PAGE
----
Plenty of times, there are no problems with the gap. The gap is part of the dynamic in relationship. In the gap that you just described, it could be said that that there are those who are more conservative and therefore the thought and feeling is “go slow.” There are others who are more radical, who appreciate the taking of risks into the unknown. There is a need for communication between the conservatives and the radicals. For conservatives, security is felt through staying with the known. For others, vitality consists in taking steps, taking risks. It is in that dialogue between the two that has representation in every group and in every organisation. It is the task to find a way they give support to both. It is equally listening to the other as well as respecting one’s view, too.

Nicole responded “It is the love aspect which is really touching. When a person feels touched, it will make a difference. This also happens in Dharma practice through Dharma language. If we can touch people, then seeds will grow in time. It is the same with patients. So many times, we have people in our retreats they seem to understand something or perhaps nothing. Years later, they say to us: “Your words touched me. Years later, I really understood and I knew what to do.”

I can give a potent example of this. It concerns Israel and Germany. I was recently in Israel for 25 days. The country is in a very high state of stress. There is concern about what happened to the people of Gaza and what is happening within Israel. There is a military unit in Israel called 8200, a unit of sharp military officers. One of the jobs is spying and surveillance. They use secret cameras in Palestinian homes including Nablus, the town I have visited many times in the past 20 years. These cameras watch and listen to everything that takes place in the home from the kitchen, to the dining room to the bedroom. The surveillance officers watch and listen. The Israeli army assassinated the husband and subsequently his wife committed suicide. Afterwards, some of the officers in Unit 8200 watched The Lives of Others, the movie about the Stasi spying for the GDR (East Germany) on East German citizens involved in the arts. These officers in the spy headquarters in Tel Aviv said: “This is what we are doing.”

“We have no right to interfere with the privacy of people’s lives. Look at the consequences of what we do.”

Then 42 officers refused to be involved in surveillance any longer. They wrote a letter to the Israeli Prime Minister and letter to the head of the secret services. “We are not going to engage in surveillance any longer.” They told the press that they had seen The Lives of Others. It is extraordinary that Jewish army officers got their inspiration from Germany. Things are changing!

Even though there are gaps, there is a truth about the invasion of privacy and the perversion of people spying in people’s homes. The film sent a shockwave to some of the intelligentsia of the military in Israel and the decision of some officers in Unite 8200.

On the topic of being touched, I have an example in our clinic. One secretary worked for conventional medicine. When I met her 18 months ago, I found her very reserved and arguing about what’s happening. Over the time, she saw us working, got in contact with us and was talking with us. This moment, which touched her the most, was when she went to a Congress where we talked about our work. She told me she was very impressed with the work that we are doing. Since then she has come to ask some questions about her lifestyle. Even yesterday, she asked for some vegetarian spread. It is a nice example of a seed which is growing.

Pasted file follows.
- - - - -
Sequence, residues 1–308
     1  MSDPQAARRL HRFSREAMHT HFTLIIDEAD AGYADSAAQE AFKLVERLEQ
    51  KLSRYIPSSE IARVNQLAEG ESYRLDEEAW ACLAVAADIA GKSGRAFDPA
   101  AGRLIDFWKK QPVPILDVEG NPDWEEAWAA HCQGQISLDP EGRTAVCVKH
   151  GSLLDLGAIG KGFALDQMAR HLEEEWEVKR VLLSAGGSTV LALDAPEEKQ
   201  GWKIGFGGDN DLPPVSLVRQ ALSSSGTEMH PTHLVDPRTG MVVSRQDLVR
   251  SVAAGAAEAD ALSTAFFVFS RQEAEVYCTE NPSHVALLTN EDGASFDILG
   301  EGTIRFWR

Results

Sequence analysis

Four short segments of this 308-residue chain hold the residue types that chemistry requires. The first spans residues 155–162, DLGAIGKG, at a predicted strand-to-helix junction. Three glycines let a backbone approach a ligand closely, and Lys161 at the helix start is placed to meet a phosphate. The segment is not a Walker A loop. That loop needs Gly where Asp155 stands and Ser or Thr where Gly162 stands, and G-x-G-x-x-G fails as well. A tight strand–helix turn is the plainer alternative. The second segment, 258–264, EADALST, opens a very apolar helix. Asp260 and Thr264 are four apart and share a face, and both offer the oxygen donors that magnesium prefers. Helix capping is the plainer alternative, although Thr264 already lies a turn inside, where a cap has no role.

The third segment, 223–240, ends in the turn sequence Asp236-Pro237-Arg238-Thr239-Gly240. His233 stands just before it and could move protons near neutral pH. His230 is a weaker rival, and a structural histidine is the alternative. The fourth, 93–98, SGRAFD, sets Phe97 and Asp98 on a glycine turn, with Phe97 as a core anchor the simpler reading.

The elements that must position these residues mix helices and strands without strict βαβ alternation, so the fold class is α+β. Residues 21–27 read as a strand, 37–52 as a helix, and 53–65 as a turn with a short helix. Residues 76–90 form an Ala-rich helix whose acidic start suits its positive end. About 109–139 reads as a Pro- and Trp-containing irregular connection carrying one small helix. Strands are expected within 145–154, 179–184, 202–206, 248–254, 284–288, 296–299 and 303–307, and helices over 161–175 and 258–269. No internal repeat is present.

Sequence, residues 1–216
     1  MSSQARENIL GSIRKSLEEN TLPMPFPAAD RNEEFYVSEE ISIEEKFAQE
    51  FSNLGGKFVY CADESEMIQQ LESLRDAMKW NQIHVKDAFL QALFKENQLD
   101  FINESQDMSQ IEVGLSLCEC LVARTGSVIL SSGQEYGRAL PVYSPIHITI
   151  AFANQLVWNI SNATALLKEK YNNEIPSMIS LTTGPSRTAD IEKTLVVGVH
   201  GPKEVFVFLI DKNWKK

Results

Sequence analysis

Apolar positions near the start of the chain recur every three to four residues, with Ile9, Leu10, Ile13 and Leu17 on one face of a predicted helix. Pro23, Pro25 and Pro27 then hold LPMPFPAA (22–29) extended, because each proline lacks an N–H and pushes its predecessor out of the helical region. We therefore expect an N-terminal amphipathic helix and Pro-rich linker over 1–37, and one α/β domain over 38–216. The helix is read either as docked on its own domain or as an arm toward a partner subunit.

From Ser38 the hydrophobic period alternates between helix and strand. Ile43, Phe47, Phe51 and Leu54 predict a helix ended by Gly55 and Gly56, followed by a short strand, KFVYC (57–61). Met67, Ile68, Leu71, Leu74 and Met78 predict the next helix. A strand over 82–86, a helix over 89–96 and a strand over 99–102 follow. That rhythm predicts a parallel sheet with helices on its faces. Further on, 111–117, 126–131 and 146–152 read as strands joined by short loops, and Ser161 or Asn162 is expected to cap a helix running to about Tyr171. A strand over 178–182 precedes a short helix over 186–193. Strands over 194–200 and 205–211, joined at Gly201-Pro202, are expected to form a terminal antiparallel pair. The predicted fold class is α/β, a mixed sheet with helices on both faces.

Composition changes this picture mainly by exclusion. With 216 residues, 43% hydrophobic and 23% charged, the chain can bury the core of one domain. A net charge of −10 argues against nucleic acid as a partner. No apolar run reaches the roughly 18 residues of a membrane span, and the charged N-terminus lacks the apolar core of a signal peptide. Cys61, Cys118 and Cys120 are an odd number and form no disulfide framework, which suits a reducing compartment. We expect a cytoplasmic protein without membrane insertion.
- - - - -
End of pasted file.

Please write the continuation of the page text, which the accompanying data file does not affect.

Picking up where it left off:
Exactly. It is important to stay true to the vision. It might well be misunderstood by others. People might be suspicious and feel the hospital freaky. If people keep the faith, to the direction, others will respond. Yesterday somebody use the words ‘freaks.’ The first vegetarian restaurant in London started in the early 1930s as its inspiration from the small town where I live. The owners said “What shall we call the restaurant?” Somebody said: “Only cranks eat vegetables.” Cranks and freaks mean much the same thing. So the restaurant is called ‘Cranks.’ We can use good humour. If people think of the staff as freaks, then agree with the view. “Yes, we are freaks.”

I would like to put in a word about the gaps. There is the potential for growing in the gaps. The gaps are there to grow into so we can move on, or grow into or grow out of. It is the moment of growth and change. It is exactly as you said there are gaps to be explored and bridged. There are gaps to be worked with. There are some gaps to be ignored. There might be one gap for me and one for you.

Yes that as well.

My experience is working with an integrated medicine. I’ve never worked in a different kind of hospital. This is my reality. Perhaps it is more freaky to cut open a person and look, for example, as his elbow, and neglects the rest of the person. This is even more freaky. This is to fragment the person.

Yes. Which is more freaky – to attend to the whole person or look at a tiny bit?  THANK YOU.

This 21st century hospital integrates conventional medicine with naturopathy.

Naturopathy employs the use of natural resources for the healing process.

The hospital offers a nutritious diet, mind-body work

and traditional Chinese and Indian medicine to address the whole person.

The Church, the State and health insurance companies support the hospital.